On July 26, 1944 on what was to be his last training flight before graduation the next day, F.O. Driskill took off in his P-47D-2 (serial number 42-8220) a little past 8 p.m. The training mission was for a night four-ship formation and navigational training. Climbing to 8,000 feet they flew over Philadelphia and then Trenton. Shortly after 9 p.m. F.O. Driskill’s P-47 dropped down and away from the formation. He then started back into position. The number three position aircraft asked him if he was having any problems and to go on instruments if he lost sight of the formation or horizon. There was no acknowledgement from F.O. Driskill. Witnesses on the ground heard his engine develop trouble. His Thunderbolt rolled then went into a steep dive, impacted the ground and exploded on Pete May’s farm located on the White Horse and Hamilton Roads, about 5 miles Southeast of Trenton, New Jersey. The fatal crash left a 20-foot diameter and 11-foot-deep hole in the ground.
Flight Officer John Francis Driskill, Jr. had just turned 22 years old when he died. Forty years after his death, the city of Millville and the Millville Executive Airport named Driskill Street to honor his memory.
Second Lieutenant Andrew Jackson “AJ” Easterwood, Jr.
2nd Lt. Easterwood, O-823046, was born April 4, 1923, in Tallapoosa County, Alabama, and was three years old when his family moved to Dadeville, Alabama. After graduating from Tallapoosa County High School May 1941, he entered Alabama Polytechnic Institute, now Auburn University, in the fall to pursue a career in Aeronautical Engineering. During the summer of 1942, AJ was worked for E.I. Du Pont Nemours & Co. in their production department.
On October 19, 1942, he enlisted in the Army Air Corps and reported for active duty on February 1, 1943. He attended training at Technical School Special Training Unit in Miami Beach, Florida, and Tennessee Polytechnic Institute Training Center in Cookville, Tennessee, where he was classified for pilot training.
His cadet training was in the Army Air Corps Southeast Training Command; preflight was at Maxwell Field in Montgomery, Alabama. He soloed in primary training at Decatur, Alabama. Basic training was at Courtland Army Airfield in Courtland, Alabama, where he was introduced to formation and night flying. Advanced training took place at Craig Field in Selma, Alabama. He graduated in Class 44-A on February 8, 1944, receiving his silver wings and commission as a Second Lieutenant at the age of 20. Following graduation, he traveled home for his first leave.
Despite recommendations for combat training, 2nd Lt. Easterwood was selected as an instructor pilot and transferred to the Central Instructors School at Randolph Field, Texas. Completing Instructor School, he returned to Courtland as an instructor before being accepted for combat training. Training in P-40s took him back to Craig Field, and gunnery at Eglin Field, Florida. He was then assigned to the Pilot Replacement Pool at Richmond Army Air Base, Virginia. Then he was transferred to Camp Springs Army Air Base in Washington, D.C. to fly the A-24 Dive Bomber and the P-47 Thunderbolt. From Camp Springs he reported to the Millville Army Air Field, Millville, New Jersey, to the 536th Fighter Squadron in early September 1944 for Advance Gunnery Training in the P-47.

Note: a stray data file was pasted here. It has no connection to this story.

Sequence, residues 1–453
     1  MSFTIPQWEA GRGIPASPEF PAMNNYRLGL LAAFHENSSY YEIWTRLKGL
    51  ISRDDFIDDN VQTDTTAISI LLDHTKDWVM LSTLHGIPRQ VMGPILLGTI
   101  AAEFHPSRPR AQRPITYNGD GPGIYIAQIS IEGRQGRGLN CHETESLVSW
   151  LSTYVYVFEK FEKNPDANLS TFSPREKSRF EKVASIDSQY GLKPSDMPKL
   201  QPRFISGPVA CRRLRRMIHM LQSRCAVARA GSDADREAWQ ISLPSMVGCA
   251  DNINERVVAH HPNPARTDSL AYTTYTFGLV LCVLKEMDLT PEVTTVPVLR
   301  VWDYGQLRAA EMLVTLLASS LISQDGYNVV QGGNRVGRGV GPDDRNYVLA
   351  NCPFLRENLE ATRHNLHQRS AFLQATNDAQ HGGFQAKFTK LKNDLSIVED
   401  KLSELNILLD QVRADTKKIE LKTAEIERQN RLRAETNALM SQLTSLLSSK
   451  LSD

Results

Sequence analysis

2nd Lt. Easterwood’s dream to become a fighter pilot was snuffed out just before noon of September 23, 1944, only two weeks after reporting and on his eighth flight at Millville. He took off as the number three in a flight of four on an aerial gunnery mission. While firing on a tow target off the coast of Townsend’s Inlet, his P47C (serial number 41-6498) apparently struck the tow target cable separating it from the tow craft. No one witnessed his aircraft hitting the tow target and only a Naval pilot stationed at Wildwood saw his aircraft strike the water but did not see a parachute nor pilot. Crashing into the Atlantic Ocean seven miles from shore off the Cape May Naval Station in Cape May, New Jersey, neither he nor his P-47 were recovered.
AJ was remembered by his family and friends for his excellent scholastic work, how positive he was about life when just talking to him, and what a good influence he had on others. A close friend said AJ would make the best of any situation and would always come up with a grin. Forty years after his death, he was still missed by his family who continued to maintain a vacant chair in his memory. A memory of how much he loved his family, home and country.
He was known as an exceptional pilot, capable officer, and a perfect gentleman by his Squadron mates, officers, and men.
Forty years following his death, the City of Millville named Easterwood Street at the Millville Executive Airport in his memory.
Second Lieutenant Earle Hepburn, Jr.
2nd Lt. Hepburn, O-715538, was born in Marion Station, Pennsylvania, on April 25, 1919. He was a track and basketball star at Episcopal Academy and the University of Pennsylvania. Earle had his pilot’s license before the age of 20. A University of Pennsylvania graduate class of 1941 he studied law and was a member of Sigma Alpha Epsilon fraternity.